Some of the most common problems with athletes
If you have a teen athlete, this podcast is for you and for them.
If you don’t have a teen athlete, you can still listen because these principles are true in parenting as well.
Every year I coach a handful of elite athletes who want to take their game to the next level.
Often times, these are athletes who used to play at a high level, but for some reason, they’ve started struggling and falling behind.
Other times, these are athletes who struggle to manage their emotions when things go wrong on the field or court, and they throw fits, put their head down and sulk, or stop trying or executing at a high level.
I’m going to share 7 secrets that might be holding your teen back in their sport.
If I were to work with your teen, I’d help them identify ONE THING to start working on.
Don’t try to tackle every single one all at once.
And, if you’re a teen listening to this episode, it’s probably because you care about your sport, and you want to improve. That’s an awesome spot to start!
#1 Overthinking in Sports
#2 Focusing On Things Outside of Your Control
#3 Trying to Manage OTHER’S Models Instead of Your Own
#4 Blaming Others/Making Excuses
This goes hand in hand with everything that we’ve talked about so far.
Blaming others, making excuses, these are forms of overthinking.
It’s also focusing on something or someone outside of your control, and it’s focusing on someone else’s model.
Blaming and excuse making is one of the most disempowering thing that you can do as a teen athlete.
Actually it’s pretty disempowering to parents too!
Fortunately there’s an empowering opposite to blaming and excuse making and it’s called RESPONSIBILITY.
Taking responsibility is empowering because it gives you power over whatever your truly responsible for.
If you blame or make excuses, you avoid the power of responsibility and you give your power away.
If you missed a tackle or a pass or a shot, you can’t go back in time and undo it, but you can be responsible for addressing it and being better prepared in the future.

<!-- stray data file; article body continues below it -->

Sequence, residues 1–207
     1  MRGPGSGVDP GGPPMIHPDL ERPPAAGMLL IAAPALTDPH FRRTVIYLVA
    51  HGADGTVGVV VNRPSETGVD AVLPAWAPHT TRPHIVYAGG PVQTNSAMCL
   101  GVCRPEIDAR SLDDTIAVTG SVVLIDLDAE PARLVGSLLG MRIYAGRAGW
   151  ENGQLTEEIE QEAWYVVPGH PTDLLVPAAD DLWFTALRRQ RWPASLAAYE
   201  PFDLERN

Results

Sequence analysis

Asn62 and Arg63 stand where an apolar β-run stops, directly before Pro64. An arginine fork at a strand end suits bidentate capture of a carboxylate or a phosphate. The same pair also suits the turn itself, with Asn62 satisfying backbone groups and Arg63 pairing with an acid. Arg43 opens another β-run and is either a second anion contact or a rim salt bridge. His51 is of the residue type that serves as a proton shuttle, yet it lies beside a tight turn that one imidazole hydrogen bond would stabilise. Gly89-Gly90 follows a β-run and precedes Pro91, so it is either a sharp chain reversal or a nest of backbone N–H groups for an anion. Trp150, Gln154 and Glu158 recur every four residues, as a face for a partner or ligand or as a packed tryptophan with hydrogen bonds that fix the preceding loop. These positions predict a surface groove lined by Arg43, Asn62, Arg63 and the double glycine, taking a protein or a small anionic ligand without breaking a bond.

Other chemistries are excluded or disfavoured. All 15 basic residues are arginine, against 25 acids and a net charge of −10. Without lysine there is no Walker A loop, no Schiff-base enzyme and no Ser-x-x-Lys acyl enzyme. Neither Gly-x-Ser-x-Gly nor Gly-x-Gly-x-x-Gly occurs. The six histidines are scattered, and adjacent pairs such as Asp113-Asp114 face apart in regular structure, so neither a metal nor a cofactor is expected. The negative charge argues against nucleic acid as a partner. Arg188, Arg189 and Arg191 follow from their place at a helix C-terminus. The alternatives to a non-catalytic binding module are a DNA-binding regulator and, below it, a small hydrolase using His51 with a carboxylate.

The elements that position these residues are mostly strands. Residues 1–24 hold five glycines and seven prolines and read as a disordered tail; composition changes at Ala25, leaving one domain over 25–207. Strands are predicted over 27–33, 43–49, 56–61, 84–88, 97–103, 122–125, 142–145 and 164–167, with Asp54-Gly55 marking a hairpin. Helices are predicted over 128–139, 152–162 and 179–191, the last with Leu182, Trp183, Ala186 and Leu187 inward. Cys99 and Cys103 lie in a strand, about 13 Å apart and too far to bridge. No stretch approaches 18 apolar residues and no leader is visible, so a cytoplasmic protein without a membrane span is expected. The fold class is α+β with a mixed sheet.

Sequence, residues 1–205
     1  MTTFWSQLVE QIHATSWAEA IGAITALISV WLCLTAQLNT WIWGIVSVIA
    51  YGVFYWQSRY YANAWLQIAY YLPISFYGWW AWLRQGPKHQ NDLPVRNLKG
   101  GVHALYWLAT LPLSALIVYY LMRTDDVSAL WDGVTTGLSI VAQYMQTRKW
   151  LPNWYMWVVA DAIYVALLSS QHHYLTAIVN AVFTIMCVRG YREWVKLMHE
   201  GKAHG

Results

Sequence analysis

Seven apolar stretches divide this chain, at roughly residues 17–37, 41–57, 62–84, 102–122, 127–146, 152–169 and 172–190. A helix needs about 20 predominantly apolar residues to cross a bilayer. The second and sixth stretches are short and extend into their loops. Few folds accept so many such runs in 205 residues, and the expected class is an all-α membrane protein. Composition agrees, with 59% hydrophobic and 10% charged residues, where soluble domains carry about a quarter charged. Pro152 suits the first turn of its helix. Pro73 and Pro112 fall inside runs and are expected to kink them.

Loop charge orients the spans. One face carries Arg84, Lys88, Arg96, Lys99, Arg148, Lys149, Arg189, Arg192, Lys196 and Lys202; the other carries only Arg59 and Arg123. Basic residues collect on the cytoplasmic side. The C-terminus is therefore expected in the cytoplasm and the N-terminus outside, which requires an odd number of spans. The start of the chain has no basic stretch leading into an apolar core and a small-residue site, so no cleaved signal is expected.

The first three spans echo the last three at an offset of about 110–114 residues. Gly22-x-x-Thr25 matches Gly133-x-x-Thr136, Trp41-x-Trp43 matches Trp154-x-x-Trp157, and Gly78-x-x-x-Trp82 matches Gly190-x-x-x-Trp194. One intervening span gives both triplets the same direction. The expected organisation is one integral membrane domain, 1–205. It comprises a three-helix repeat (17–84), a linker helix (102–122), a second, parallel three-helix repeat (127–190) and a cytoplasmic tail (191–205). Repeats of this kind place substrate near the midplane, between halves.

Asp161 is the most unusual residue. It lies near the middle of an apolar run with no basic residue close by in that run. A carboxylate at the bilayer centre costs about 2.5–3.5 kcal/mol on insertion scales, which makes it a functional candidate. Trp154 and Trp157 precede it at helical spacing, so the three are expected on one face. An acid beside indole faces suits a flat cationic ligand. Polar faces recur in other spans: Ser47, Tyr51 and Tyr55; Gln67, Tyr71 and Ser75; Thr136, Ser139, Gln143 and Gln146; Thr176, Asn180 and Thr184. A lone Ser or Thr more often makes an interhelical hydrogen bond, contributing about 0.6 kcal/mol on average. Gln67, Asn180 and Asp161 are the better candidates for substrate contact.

If you watch game film, watch it with an eye looking for opportunities for you to be responsible.
This is what separates elite athletes from average athletes.
Average athletes keep making the same mistakes over and over and never grow because they blame their actions on others or because they have excuses.
Elite athletes see their mistakes as opportunities for growth.
They own their mistakes and the responsibility to fix them.
#5 Taking Things Personal
I see this happening with teen athletes and also with parents.
When things happen to them that they don’t like, they take it personally and make it mean something negative about them.
This also happens when athletes have their sport wrapped up in their identity.
If you think that you’re cool, or good looking, or important and needed because of your sport, you run the risk of taking things personal.
The secret is, don’t take anything personal.
Even if you mess up and lose the game for your team, it’s not personal. It doesn’t mean anything about you as an individual and as a person.
When I hear athletes complaining that a coach or ref was picking on the, or just doesn’t like them, it says to me that they are taking things personally.
They’re interpreting their circumstances to mean something about them, and it’s not helpful.
The truth is, if you want to be an elite athlete, YOU’RE GOING TO MAKE MISTAKES!
There’s no way around it. Sports are designed to push your limits and to force mistakes.
So, don’t take things personally.